Connections between Burroughs and Elvis are even less obvious and I can find no examples of the former discussing the latter, but it is notable that in 1985 Burroughs collaborated with Gus Van Sant on an album called Burroughs: The Elvis of Letters.

I mentioned in the introduction that both the Beats and Elvis borrowed or appropriated from black culture, something that understandably did not escape Amiri Baraka’s notice. His poem, “In the Funk World” asks, “If Elvis Presley / is King / Who is James Brown, / God?”[17] Elvis pops up time and again in Baraka’s work. In one representative example, he refers to “Elvis Presley’s larcenous corporate clowning as ‘King’ of thieves.”[18]

Another Beat poet (well, a Beat-affiliated poet) who referenced Elvis was Lawrence Ferlinghetti. In “I Am Waiting,” he wrote:

I am seriously waiting

for Billy Graham and Elvis Presley

to exchange roles seriously

Joanne Kyger, meanwhile, made various references to Elvis in her Japan and India Journals. In Japan, she tries to read The Subterraneans and then goes to bed and dreams of Elvis.

One More: Hunter S. Thompson

Ok, so Hunter Thompson was definitely not a Beat writer. We all know that, but he was perhaps what we might term “post-Beat” or at least loosely affiliated as a countercultural figure of that era and a personal friend of Ginsberg. Besides, his comments on Elvis are too amusing to ignore…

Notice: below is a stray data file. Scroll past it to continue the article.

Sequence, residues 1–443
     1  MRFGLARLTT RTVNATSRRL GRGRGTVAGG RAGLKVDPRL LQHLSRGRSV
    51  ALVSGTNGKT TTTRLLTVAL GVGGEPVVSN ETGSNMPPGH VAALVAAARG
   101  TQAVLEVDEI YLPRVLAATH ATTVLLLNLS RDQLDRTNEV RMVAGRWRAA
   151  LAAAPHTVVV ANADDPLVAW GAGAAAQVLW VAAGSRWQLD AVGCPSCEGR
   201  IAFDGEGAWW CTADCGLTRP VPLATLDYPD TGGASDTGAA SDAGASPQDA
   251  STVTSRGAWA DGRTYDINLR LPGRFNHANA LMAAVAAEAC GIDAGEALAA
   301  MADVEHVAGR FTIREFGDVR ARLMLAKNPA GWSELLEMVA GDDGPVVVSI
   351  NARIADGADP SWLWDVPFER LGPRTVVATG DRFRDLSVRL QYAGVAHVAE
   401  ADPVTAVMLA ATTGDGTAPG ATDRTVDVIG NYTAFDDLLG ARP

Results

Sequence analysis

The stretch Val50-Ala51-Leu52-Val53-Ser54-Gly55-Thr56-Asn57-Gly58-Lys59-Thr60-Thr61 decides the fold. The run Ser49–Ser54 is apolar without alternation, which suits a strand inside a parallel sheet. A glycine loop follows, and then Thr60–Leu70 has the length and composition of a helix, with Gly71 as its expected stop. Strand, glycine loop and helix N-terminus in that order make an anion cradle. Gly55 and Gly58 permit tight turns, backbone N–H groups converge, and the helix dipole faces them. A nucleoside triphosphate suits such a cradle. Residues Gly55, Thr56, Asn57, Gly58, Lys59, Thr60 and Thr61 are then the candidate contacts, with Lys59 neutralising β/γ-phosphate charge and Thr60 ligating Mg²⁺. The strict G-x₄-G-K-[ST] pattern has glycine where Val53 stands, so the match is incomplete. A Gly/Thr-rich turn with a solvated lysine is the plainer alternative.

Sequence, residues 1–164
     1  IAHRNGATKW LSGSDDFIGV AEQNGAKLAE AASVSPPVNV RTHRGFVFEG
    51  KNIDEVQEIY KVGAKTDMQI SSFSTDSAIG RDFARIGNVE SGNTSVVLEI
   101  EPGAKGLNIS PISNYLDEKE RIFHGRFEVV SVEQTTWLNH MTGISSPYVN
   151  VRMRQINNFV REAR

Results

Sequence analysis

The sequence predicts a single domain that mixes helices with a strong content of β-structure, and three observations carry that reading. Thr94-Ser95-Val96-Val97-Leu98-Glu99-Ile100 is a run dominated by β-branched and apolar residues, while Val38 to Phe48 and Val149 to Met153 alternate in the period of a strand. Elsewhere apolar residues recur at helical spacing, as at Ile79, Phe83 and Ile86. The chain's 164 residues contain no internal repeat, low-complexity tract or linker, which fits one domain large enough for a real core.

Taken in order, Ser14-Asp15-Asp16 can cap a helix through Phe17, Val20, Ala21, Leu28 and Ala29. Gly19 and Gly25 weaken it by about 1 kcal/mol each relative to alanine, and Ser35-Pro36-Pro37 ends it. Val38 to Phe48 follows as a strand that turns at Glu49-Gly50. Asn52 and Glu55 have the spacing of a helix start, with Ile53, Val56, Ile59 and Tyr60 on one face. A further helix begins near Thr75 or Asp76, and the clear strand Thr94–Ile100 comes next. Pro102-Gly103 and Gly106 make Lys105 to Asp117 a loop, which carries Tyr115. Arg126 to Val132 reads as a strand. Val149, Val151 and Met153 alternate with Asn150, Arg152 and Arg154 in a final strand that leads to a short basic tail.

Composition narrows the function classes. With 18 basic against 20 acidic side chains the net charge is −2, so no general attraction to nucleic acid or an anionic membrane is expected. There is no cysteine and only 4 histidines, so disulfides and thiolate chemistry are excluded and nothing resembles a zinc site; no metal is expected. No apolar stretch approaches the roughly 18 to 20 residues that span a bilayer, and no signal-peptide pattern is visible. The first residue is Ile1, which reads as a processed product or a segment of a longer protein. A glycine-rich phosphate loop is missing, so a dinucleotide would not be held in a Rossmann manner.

As a young man, Thompson enlisted in the Air Force and was quickly appointed sports editor of the Command Courier, the base publication at Eglin AFB in Florida. Here, he attempted to turn the dull sports page into an exciting and witty collection of columns and reports. He made various efforts at disparaging Elvis, who was going through his first wave of popularity at the time.

On October 4th, 1956, Thompson wrote a piece called “Blame it on Elvis.” After describing the decline of baseball, he asked, “Then who can we blame it on? I cast my vote for Elvis Presley; if we can get enough people to blame him for the ruination of the National Pastime, maybe he’ll go away. Seriously, something has to be done about that man.”

Just a few weeks later, on October 25th, in yet another article ostensibly about sports, he quipped “if Elvis Presley can learn to make a fortune by yowling and bellowing into a microphone – then nothing is impossible.”

Perhaps he changed his mind about Elvis. He flip-flopped on Kerouac, as we explained in this article on HST and the Beats.

[1] Lipton, Lawrence, Holy Barbarians, p.193

[2] Turner, Steve, Angelheaded Hipster, p.17

[3] Miles, Barry, Jack Kerouac: King of the Beats, p.xiv; 217

[4] An Accidental Autobiography: The Selected Letters of Gregory Corso, p.12

[5] Qtd in Hemmer, Kurt, “My Bohemian Fling Is Over” in Beatdom #23, 2023, p. 109.

[6] Qtd in Gilmore, Mikal, Stories Done, p.19

[7] Nicosia, Gerald, Memory Babe, p.530

[8] Memory Babe, p.541

[9] Weaver, Helen, The Awakener, p.32

[10] The Awakener, p.73

[11] Memory Babe, p.530

[12] Qtd in Maher, Paul, I Am the Revolutionary: Young Jack Kerouac, p.480

[13] Baker, Deborah, A Blue Hand, p.52

[14] Raskin, Jonah, American Scream, p.126

[15] Spontaneous Mind: Selected Interviews 1958-1996, p.146

[16] Bockris, Victor, With William Burroughs: A Report from the Bunker, p.239

[17] Baraka, Amiri, S.O.S. Poems, unpaginated

[18] Baraka, Amiri, The LeRoi Jones/Amiri Baraka Reader, p.571